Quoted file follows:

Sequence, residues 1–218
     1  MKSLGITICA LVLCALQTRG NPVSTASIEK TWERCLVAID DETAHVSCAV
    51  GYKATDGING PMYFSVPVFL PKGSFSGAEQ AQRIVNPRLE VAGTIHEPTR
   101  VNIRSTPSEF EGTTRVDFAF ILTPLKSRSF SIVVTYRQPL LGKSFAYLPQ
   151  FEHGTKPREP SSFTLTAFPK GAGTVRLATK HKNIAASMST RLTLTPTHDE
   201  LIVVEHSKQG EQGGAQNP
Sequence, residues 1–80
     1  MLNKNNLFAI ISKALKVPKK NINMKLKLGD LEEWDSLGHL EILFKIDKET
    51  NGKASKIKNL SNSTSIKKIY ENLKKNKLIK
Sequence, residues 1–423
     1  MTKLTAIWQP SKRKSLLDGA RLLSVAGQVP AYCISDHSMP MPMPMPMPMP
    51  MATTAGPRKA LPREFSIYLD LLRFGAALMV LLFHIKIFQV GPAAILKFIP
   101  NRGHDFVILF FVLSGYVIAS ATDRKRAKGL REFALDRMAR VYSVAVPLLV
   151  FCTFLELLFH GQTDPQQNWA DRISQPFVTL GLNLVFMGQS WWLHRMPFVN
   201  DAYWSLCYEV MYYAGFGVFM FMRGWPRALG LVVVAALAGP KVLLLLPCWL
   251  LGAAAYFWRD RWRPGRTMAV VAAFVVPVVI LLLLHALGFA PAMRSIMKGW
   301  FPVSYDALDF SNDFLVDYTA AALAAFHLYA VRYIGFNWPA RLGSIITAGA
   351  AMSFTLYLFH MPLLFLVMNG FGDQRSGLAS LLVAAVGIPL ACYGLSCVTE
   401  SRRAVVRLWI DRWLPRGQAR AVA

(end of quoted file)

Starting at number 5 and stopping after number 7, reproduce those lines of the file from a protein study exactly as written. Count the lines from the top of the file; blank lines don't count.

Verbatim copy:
   151  FEHGTKPREP SSFTLTAFPK GAGTVRLATK HKNIAASMST RLTLTPTHDE
   201  LIVVEHSKQG EQGGAQNP
Sequence, residues 1–80